Commercial fisherman John “Willy” Dean was plying the Potomac near Chesapeake Bay with his son and crew on Aug. 20 when he caught not one, but two eight-foot long bull sharks—nearly three years after he landed the first bull shark caught in the Potomac River in 37 years.
An article from the Washington Post says Dean caught the first of two sharks last Tuesday in a net near Maryland’s Point Lookout State Park, though because sharks need a constant flow of water to breathe, it died before he and his crew pulled it aboard—but the men still erred on the side of caution.
“It was a good adrenaline rush, I would say,” Greg Dean said of the first shark. “It was a little scary, but then at the same time, it was very exciting. We really just don’t think at that point. We just keep pulling it in and try to see what it was.”
A few friends from Massachusetts had a hunch they would catch something big when they booked a charter with Captain Kevin Leonowert of the reality show "Wicked Tuna" on on July 31. They had no idea their catch would weigh nearly half a ton.
Gregg Looney, Brian Keefe, and Michael St. Jean, of Dracut; Allan Gourley, of Chelmsford; and Brian Shaffer, of Lynnfield, were on board the Huntress when they hooked a 920-pound bluefin tuna. The fish proceeded to drag the boat for four-and-a-half miles over a three-hour period before surrendering, the Lowell Sun reports.
Leonowert said it’s the biggest tuna to come into the state’s Gloucester Harbor this year.
“I couldn't believe the power of this thing. It almost ripped my shoulder out,” said Looney. “It looked like a whale, just an absolute monster. But we did it.”
An eighth-grade student from North Carolina completed a billfish grand slam by catching and releasing three species of billfish in one day—a feat the International Game Fish Association (IGFA) says has only happened three times in the state since the agency began keeping records in 1964.
Beginning at 7 a.m. on July 5, Johnny Wilkins of La Grange, Ill., will ply the waters of the Lake View Nature Center in Oak Brook Terrace in an attempt to break the world record for most fish caught by a single angler in a 24-hour period.
According to a Chicago Tribune article, Wilkins, who founded the Chicago School of Fishing and has a list of angling accolades to his credit, says he will fish from shore, using outdated equipment to promote the sport of fishing and benefit two charities: the Ronald McDonald House and Wounded Warrior Project.
The Florida Fish & Wildlife Commission recently approved new angling regulations for tarpon and bonefish—citing their economic value as a recreational resource—and loosened regulations for lionfish and snook.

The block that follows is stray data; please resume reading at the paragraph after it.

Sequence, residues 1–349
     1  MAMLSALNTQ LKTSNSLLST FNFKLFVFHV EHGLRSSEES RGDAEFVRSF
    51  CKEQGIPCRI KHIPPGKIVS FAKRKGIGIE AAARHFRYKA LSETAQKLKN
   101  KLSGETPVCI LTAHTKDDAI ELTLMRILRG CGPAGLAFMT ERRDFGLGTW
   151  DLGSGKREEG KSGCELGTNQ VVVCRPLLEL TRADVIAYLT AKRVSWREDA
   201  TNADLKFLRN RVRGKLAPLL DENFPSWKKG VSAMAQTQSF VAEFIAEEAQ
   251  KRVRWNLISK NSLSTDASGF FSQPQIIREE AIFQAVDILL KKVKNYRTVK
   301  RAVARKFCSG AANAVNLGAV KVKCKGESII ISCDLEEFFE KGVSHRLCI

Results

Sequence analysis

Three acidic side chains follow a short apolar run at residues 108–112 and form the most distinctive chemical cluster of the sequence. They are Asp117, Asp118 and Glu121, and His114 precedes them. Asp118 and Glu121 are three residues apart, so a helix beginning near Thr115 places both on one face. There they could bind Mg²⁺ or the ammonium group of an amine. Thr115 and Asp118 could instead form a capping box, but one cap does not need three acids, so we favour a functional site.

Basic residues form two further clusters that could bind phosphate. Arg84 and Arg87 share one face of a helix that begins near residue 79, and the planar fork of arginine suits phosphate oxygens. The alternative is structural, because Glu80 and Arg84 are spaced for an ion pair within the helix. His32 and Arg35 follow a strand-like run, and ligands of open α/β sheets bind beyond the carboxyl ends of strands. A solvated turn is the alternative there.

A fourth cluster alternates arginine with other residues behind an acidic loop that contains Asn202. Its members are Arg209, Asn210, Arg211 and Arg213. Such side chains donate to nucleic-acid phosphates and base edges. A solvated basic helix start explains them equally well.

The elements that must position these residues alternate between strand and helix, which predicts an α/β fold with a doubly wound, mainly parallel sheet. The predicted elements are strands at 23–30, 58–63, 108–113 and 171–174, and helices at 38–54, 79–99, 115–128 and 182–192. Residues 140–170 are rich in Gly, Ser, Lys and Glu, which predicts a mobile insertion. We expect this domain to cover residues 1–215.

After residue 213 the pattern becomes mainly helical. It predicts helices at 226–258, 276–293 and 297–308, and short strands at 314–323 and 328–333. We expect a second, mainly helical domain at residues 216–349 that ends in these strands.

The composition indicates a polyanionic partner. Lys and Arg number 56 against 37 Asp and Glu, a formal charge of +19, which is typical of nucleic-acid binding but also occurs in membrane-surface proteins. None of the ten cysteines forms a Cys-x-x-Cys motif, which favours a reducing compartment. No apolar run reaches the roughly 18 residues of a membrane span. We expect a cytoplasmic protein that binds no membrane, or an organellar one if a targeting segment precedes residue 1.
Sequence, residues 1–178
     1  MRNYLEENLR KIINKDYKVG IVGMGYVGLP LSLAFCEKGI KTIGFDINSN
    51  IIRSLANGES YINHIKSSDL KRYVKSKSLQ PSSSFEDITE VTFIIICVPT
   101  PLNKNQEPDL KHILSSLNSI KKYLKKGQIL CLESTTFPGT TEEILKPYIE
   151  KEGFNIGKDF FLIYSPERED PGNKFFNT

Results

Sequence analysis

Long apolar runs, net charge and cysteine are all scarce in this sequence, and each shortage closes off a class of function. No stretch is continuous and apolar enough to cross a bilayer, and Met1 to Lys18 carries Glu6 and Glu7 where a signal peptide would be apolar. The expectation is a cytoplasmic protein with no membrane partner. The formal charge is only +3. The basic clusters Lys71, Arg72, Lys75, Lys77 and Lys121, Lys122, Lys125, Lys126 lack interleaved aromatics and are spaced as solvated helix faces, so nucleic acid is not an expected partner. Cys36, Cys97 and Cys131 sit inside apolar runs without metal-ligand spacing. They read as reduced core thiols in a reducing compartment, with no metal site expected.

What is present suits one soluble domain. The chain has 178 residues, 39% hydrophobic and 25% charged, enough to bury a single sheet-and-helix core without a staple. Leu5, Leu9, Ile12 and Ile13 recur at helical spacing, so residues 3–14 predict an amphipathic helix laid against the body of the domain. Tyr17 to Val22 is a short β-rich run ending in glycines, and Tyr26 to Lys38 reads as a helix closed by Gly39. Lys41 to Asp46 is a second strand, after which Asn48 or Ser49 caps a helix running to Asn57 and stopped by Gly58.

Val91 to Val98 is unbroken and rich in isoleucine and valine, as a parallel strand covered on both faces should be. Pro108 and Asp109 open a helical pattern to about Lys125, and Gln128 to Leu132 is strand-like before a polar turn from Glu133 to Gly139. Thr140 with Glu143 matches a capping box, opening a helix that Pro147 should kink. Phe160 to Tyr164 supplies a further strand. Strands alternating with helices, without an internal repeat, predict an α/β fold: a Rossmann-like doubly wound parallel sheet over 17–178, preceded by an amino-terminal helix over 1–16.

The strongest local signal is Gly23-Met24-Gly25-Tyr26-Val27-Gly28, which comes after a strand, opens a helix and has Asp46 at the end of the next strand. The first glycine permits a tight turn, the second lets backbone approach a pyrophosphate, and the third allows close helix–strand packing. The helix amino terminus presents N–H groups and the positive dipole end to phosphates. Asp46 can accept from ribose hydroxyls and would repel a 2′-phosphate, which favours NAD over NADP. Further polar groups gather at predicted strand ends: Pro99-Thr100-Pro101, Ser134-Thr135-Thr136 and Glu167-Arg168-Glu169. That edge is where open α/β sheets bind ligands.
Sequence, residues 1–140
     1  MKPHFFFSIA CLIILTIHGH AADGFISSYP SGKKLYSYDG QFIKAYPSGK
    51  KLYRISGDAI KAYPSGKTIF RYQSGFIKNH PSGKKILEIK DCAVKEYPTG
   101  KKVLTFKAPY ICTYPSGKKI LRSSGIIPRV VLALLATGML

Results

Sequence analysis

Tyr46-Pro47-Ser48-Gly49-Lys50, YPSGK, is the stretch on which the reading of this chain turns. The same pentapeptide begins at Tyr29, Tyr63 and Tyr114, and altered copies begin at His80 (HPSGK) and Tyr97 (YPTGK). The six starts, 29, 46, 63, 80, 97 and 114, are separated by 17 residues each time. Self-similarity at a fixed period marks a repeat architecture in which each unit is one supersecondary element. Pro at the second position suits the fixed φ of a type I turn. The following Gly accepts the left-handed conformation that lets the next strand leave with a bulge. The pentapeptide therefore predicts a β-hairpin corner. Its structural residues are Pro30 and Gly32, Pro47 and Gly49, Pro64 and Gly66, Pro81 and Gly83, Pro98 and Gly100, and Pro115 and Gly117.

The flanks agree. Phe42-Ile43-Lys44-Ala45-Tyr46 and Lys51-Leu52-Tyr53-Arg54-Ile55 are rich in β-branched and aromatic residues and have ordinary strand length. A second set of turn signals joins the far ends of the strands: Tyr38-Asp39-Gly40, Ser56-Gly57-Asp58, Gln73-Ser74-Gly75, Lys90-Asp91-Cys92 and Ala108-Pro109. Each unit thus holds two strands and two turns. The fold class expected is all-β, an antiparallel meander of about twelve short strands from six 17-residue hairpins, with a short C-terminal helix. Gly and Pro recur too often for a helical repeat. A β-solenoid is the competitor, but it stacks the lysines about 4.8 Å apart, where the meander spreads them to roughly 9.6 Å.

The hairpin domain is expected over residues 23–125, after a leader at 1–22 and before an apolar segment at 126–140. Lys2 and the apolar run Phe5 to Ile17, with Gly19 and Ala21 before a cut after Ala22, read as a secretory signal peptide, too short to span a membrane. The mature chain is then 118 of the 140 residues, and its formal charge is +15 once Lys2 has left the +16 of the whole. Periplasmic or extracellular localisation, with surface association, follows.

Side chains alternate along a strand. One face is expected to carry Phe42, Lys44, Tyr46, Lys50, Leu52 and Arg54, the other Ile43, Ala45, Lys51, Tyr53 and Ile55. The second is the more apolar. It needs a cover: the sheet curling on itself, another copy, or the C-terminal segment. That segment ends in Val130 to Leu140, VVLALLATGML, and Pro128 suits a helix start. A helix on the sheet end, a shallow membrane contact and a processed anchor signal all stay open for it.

A few anglers in Alaska recently had an up-close-and-personal encounter with a killer whale when it approached their boat and grabbed a halibut from the end of a fishing line.
In a clip recently posted by The Alaska Life, you can hear the men behind the line talking, but they seem relatively calm considering what happened. This has led to some comments online alleging the men knew the whale was in the area and were purposely trying to entice it closer.
Also, no additional details about the location of the encounter with the orca have been reported. Do you think it was a truly candid moment?
While everyone was focused on the potential world record mako caught last week in California, another mako off the New Jersey coast also made headlines.
On June 4, two Garden State anglers got more than they bargained for near the Manasquan Inlet when they hooked an 8-foot, 303-pound mako—and it leapt into their 31-foot boat.
Clint Simek of Brielle, NJ and Tom Rostron Jr. of Wall, NJ described the incident in the Asbury Park Press, saying they were simply in the area on Rostron’s boat, TNT, scouting for potential areas to hold shark fishing tournaments later this month. By mid-afternoon, the men had caught and released 14 blue sharks, and as the wind calmed and conditions improved, they were eager to see what else they’d find. That’s when the big mako showed up.
A German angler fishing near Norway will go home to a happy spouse. Christian Johannsen's wife told him to come home with fish as he left for his trip. He responded by landing a 427-pound halibut this week.
"Oh she'll get a big piece," he told the newspaper Die Welt.
Johannsen needed the help of two friends in the four-hour figh to reel in the huge fish.
“Every fisher dreams about this, it’s like winning the lottery,” Johannsen said.
This is the second monster fish caught in Norway by a German angler in recent weeks. Remember that pending-world-record cod?